In Sugar Australia Pty Ltd v Southern Ocean Pty Ltd & Anor [2013] VSC 535 (Vickery J), Justice Vickery, the Supreme Court of Victoria Judge in Charge of the Technology, Engineering and Construction List was invalid. His Honour discussed, in detail, earlier decisions of the courts in relation to jurisdictional error, concluding that it was open to a court in considering an application for judicial review to consider the findings of fact made by the adjudicator as to the validity of the Payment Claims in the circumstances of this case which include allegations of misleading conduct and fraud which are pressed by the applicant for relief by way of certiorari. His Honour said, at paragraphs 113-115:

113. For the purposes of s 18 of the Victorian Act,[67] it appears to me that the elements of the section which serve to confer jurisdiction on an adjudicator to make a valid determination under s 23, on the proper construction of the Act, do not permit the adjudicator to finally determine the validity of the adjudication application.[68] If there be any challenge to the jurisdiction assumed by the adjudicator it must finally determined on the basis of facts found by the Court on judicial review, in the course of determining whether a jurisdictional error has been exposed which calls for the exercise of the Court’s discretion to grant relief in the nature of certiorari and, if necessary, mandamus. The Court may grant relief on such relevant evidence as may be adduced before it, whether or not such evidence was before the adjudicator at first instance. Further, the Court may grant such relief without regard to any determination which may have been made on the issue of jurisdiction by the adjudicator. The Court is obliged to arrive at its own conclusion as to jurisdiction based on the law and on the facts as found by it.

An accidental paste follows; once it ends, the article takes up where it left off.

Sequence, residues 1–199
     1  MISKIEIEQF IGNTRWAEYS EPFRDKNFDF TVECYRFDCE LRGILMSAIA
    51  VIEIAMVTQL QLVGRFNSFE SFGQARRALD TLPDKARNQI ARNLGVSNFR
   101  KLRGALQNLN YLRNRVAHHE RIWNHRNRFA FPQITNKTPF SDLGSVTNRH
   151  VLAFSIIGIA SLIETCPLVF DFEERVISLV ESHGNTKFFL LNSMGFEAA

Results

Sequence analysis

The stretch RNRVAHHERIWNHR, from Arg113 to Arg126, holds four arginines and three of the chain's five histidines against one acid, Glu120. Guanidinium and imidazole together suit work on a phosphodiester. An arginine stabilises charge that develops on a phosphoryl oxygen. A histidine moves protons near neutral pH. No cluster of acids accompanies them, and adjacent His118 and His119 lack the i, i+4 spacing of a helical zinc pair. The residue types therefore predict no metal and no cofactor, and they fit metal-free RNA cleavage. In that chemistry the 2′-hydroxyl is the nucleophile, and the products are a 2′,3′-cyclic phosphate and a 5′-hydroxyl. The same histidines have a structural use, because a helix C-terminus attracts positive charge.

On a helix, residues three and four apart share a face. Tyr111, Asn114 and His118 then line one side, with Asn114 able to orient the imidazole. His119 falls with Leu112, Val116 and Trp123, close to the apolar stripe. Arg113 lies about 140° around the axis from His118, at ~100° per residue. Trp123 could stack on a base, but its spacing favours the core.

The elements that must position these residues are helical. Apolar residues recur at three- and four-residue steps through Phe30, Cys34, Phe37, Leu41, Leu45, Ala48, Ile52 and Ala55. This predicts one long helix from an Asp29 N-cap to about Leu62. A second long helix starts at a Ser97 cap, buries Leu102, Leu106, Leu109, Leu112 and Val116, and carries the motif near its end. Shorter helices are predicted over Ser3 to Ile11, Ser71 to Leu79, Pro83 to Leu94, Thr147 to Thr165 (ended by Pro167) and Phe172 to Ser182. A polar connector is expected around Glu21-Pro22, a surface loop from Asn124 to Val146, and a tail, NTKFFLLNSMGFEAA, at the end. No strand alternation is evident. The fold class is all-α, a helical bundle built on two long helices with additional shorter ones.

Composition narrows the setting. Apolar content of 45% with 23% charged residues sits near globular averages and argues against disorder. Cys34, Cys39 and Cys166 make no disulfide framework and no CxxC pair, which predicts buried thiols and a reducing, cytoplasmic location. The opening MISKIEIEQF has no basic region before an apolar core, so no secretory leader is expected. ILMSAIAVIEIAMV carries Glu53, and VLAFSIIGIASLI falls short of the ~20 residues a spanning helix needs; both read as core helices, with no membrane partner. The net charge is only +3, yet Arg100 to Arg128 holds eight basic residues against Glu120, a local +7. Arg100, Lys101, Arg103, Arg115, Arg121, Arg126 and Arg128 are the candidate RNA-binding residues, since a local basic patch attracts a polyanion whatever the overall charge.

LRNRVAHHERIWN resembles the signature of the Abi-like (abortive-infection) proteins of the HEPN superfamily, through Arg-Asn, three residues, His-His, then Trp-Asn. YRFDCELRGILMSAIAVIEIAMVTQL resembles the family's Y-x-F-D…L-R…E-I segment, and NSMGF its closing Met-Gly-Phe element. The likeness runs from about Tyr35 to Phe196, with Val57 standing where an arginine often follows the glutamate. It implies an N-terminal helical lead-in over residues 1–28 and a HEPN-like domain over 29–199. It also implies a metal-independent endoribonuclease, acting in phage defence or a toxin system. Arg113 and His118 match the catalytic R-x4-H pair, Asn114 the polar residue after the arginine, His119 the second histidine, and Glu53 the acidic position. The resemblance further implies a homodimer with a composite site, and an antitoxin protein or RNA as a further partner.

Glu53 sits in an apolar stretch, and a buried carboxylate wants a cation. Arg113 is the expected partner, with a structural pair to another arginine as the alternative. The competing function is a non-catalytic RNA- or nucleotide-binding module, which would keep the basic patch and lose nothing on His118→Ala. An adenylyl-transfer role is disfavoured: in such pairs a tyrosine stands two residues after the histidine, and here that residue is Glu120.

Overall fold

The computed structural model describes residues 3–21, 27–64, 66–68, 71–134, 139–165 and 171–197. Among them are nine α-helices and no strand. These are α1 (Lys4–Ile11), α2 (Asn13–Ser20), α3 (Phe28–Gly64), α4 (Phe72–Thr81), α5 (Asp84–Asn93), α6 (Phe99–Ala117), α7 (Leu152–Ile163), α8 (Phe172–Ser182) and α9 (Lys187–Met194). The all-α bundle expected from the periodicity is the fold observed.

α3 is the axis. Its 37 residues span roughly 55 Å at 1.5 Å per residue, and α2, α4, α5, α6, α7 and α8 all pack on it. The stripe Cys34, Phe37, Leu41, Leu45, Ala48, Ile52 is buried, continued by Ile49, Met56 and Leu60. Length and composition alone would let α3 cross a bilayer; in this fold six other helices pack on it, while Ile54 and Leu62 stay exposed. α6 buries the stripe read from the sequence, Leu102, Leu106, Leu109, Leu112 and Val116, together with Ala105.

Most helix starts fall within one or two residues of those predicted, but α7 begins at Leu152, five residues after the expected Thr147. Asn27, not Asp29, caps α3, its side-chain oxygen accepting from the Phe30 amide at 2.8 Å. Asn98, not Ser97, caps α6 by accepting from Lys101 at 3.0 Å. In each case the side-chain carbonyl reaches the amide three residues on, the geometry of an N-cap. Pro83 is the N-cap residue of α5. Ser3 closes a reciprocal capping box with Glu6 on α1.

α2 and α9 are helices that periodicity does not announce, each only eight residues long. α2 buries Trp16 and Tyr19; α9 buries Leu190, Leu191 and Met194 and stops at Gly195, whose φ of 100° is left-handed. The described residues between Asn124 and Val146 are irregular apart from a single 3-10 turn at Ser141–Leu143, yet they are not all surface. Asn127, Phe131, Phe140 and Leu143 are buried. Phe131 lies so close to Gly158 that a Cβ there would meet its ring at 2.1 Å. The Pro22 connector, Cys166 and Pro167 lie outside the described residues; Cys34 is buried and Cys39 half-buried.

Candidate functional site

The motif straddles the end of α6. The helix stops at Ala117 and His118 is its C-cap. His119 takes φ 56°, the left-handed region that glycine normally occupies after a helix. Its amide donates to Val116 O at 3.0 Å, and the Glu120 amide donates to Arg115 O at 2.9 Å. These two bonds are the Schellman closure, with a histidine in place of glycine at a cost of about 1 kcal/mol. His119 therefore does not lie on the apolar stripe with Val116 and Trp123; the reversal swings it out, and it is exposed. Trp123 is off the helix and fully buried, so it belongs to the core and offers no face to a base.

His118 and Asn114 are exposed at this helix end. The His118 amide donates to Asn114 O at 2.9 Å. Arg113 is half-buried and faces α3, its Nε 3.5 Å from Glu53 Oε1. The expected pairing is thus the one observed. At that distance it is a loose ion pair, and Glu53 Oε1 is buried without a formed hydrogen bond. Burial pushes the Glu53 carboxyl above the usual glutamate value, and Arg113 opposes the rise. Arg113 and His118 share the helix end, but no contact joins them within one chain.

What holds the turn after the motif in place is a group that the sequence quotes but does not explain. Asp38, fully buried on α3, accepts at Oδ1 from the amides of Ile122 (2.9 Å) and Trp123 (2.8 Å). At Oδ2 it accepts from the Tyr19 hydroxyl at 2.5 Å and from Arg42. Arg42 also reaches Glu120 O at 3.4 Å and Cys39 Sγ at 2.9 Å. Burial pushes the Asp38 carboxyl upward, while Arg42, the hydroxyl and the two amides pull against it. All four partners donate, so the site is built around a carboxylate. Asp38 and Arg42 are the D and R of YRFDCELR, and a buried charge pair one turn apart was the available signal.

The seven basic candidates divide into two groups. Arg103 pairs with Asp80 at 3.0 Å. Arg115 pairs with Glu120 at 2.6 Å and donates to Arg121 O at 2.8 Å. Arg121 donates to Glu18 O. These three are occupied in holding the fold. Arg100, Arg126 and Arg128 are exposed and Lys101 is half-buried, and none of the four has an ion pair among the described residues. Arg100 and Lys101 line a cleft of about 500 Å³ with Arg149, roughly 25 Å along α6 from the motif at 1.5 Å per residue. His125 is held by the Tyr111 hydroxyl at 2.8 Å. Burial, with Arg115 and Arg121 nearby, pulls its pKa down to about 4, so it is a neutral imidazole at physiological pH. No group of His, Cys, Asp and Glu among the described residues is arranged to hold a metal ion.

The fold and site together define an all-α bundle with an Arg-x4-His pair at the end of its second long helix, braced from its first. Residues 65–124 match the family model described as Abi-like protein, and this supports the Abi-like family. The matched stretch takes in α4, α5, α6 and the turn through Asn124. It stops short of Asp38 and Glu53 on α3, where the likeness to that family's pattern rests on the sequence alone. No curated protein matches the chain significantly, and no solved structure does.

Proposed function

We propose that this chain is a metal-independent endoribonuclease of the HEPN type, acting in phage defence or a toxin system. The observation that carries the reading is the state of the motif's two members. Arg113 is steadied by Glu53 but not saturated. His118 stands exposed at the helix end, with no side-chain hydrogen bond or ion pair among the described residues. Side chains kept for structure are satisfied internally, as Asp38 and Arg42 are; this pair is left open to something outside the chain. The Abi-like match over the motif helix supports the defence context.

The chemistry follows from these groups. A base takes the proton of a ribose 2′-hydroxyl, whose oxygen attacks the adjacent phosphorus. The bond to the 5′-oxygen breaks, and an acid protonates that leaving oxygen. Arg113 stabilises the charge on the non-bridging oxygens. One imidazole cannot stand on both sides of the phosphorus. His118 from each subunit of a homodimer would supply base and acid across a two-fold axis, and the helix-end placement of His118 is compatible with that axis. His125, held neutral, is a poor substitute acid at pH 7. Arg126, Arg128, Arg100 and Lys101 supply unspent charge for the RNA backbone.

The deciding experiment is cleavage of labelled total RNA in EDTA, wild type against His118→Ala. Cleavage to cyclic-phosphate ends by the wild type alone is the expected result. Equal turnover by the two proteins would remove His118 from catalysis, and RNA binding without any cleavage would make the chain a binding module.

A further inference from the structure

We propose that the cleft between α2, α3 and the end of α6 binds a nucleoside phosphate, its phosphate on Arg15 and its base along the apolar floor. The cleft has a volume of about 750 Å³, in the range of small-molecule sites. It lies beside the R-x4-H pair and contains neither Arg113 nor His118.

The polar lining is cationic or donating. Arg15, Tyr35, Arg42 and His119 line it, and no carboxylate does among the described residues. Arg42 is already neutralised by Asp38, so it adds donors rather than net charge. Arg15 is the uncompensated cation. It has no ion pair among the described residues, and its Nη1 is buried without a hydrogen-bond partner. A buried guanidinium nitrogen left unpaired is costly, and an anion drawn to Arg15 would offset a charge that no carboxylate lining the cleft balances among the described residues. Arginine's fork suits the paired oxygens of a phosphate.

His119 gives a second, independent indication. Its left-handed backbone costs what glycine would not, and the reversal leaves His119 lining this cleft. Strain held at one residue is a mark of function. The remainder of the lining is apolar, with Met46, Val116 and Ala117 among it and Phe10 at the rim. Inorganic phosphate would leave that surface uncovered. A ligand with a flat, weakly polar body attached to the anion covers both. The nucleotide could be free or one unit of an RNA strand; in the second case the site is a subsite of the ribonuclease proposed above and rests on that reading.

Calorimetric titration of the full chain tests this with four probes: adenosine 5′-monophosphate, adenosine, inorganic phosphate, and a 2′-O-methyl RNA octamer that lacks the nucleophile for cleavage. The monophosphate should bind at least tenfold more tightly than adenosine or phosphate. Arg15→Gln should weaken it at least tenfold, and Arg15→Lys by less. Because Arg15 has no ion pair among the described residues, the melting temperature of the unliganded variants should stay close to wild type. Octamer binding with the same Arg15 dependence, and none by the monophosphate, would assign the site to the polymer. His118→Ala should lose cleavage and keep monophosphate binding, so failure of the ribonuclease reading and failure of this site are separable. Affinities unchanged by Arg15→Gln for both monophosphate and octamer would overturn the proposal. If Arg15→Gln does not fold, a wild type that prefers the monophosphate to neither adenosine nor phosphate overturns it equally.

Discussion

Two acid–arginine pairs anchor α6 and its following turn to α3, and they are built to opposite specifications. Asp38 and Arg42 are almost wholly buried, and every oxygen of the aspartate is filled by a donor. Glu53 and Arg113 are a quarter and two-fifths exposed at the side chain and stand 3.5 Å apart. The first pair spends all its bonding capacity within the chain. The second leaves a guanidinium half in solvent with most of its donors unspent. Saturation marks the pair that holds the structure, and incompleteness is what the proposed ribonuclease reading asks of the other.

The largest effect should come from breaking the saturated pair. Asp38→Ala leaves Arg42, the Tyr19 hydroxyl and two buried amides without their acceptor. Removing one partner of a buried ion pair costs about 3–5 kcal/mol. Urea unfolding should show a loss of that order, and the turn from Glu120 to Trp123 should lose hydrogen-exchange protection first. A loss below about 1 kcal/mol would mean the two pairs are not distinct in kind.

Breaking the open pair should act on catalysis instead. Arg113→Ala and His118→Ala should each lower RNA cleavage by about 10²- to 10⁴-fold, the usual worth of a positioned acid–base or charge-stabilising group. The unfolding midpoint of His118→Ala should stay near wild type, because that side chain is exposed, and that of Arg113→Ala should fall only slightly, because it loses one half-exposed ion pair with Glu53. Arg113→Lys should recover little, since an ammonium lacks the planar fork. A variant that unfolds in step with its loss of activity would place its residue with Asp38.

114. This is not to say that an adjudicator should not make any findings of fact or rulings on law if a question of jurisdiction is raised in the course of determining an adjudication application. Clearly if an adjudicator is presented with material or submissions which bring into question the jurisdiction of the adjudicator, he or she should determine the question and give reasons for the findings of fact or rulings on law. If however the adjudicator’s decision on jurisdiction is challenged in Court on judicial review, the Court may deal with the matter afresh and receive additional evidence on the matter if the additional evidence is relevant to the determination of the question.

115. To the extent that anything inconsistent with this conclusion appears in paragraphs [115]-[116] of Grocon,[69] in the light of the later reasoning of the High Court in Kirk and of the New South Wales Court of Appeal which followed it in Chase Oyster Bar, I do not follow my earlier ruling.